MN405 - Data and Information Management

Credit Points: 20 credit points

Workload: 60 hours

Prerequisite: N/A

Co-requisite: N/A

Aims & Objectives

This is a core unit out of a total of 6 units in the Graduate Diploma of Networking (GDNet) and 12 units in the Master of Networking (MNet) in the non-cognate stream. This unit addresses the GDNet and MNet course learning outcomes and complements other courses in a related field by developing students’ specialised knowledge in network fundamentals data and information management. For further course information refer to: and This unit is part of the AQF level 8 (GDNet) and AQF level 9 (MNet) courses.

Network data is a valuable corporate asset and its effective management can be vital to an organisation’s success. This unit introduces the concepts of fundamental networking, and the application of database management systems in managing data and information assets of an organisation. This unit covers the key areas of data management, including database development and corporate data modelling.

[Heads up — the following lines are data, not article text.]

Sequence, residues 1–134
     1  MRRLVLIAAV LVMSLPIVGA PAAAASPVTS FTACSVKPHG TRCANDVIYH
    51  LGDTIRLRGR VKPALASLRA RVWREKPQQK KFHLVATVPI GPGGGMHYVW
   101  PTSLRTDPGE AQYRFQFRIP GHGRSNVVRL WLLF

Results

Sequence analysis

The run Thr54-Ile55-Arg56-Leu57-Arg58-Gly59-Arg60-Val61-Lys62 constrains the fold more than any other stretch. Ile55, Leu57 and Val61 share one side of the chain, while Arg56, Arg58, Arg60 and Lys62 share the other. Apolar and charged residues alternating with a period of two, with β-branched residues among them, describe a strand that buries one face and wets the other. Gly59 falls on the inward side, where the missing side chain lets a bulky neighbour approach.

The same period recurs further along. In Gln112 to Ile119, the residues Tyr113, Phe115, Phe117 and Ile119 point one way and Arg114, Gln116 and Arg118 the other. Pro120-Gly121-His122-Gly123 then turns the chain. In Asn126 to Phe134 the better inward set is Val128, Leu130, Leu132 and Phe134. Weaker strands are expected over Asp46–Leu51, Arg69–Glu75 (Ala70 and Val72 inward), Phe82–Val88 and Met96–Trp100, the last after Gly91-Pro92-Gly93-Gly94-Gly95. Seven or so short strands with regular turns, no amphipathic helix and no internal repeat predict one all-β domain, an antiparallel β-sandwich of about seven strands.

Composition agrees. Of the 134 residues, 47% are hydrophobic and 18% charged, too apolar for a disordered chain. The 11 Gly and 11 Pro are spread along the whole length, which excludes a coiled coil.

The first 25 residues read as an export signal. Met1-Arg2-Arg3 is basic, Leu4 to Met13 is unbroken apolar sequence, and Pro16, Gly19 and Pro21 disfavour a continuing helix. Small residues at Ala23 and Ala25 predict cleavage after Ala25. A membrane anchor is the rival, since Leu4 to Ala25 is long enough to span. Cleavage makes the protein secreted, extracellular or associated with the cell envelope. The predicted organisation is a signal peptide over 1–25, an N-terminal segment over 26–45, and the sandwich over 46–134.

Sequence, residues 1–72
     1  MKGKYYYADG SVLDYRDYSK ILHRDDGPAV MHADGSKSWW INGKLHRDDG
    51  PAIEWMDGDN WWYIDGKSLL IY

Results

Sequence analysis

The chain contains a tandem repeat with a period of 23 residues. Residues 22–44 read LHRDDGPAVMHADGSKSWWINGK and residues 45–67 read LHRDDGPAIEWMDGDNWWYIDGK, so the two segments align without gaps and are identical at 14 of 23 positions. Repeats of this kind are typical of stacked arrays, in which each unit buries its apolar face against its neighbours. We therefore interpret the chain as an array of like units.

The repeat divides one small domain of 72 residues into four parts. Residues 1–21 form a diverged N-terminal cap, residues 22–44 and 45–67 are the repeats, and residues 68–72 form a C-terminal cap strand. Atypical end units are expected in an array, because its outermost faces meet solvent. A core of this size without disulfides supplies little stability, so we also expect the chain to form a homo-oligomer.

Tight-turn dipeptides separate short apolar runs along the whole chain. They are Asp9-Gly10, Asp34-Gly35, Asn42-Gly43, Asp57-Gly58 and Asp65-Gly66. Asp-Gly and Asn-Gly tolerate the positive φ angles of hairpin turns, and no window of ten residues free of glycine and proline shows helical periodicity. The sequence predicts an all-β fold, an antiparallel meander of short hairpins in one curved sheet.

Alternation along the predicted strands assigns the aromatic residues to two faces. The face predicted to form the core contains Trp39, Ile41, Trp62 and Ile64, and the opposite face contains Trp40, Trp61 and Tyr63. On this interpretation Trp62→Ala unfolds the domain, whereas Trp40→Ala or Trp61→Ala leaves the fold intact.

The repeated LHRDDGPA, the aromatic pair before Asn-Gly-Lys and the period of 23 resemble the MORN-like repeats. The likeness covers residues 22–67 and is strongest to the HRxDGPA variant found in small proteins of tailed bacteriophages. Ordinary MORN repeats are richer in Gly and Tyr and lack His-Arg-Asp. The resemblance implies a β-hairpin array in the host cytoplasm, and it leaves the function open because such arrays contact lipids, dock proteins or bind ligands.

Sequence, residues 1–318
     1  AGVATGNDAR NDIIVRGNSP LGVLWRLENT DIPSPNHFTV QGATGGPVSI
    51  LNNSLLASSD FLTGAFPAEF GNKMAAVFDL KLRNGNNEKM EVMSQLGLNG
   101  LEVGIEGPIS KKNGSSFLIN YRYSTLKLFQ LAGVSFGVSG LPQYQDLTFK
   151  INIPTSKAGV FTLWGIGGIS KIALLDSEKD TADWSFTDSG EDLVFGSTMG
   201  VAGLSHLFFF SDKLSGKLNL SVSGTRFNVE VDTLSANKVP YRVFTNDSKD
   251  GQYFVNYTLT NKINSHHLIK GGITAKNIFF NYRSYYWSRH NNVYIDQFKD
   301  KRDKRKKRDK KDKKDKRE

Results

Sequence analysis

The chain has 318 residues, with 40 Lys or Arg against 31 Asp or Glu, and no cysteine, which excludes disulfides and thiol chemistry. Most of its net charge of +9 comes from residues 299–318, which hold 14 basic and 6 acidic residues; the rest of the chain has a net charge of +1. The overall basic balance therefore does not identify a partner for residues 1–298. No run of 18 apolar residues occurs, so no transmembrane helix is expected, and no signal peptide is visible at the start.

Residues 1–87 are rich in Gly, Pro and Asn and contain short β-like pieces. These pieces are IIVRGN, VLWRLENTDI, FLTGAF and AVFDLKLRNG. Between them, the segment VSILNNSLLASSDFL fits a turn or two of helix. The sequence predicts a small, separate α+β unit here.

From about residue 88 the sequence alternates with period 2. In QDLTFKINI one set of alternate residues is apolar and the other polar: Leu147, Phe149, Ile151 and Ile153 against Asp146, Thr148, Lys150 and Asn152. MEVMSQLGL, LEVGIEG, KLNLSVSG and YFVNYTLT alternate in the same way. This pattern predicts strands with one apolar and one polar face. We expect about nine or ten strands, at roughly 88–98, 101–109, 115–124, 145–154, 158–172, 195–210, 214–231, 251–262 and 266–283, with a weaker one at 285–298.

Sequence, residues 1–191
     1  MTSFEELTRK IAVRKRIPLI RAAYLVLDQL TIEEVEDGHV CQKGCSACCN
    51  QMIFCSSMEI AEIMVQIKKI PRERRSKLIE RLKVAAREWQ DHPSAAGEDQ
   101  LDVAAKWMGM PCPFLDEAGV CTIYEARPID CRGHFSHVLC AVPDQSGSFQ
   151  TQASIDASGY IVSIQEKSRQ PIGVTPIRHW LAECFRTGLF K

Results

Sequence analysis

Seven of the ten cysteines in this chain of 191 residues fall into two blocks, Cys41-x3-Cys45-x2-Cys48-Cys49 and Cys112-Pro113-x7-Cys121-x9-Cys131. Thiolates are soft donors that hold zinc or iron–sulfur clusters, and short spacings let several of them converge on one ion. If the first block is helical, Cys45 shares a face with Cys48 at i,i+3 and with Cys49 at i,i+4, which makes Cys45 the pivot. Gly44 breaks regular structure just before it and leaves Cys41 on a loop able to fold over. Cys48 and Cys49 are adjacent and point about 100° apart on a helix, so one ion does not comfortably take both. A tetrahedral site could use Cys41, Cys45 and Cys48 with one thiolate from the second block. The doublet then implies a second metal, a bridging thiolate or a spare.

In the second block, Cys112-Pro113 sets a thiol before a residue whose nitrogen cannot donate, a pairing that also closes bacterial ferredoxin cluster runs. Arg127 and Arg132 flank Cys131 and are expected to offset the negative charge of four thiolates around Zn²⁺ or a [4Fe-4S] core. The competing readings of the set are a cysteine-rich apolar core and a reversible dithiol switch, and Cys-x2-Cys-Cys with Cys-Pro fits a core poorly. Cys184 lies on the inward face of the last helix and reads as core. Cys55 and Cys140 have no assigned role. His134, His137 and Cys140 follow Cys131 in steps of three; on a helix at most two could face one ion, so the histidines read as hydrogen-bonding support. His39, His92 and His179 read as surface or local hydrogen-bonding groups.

An introduction to the concepts and issues relating to data warehousing, governance, administration, security and privacy and alternative database structures is presented. The unit concentrates upon building a firm foundation in information representation, organisation and storage with particular emphasis upon the application of database systems. This unit will cover the following topics:

  • Fundamentals: networking, OSI models.
  • Database: Introduction to database management systems, the advantages and disadvantages of the database approach.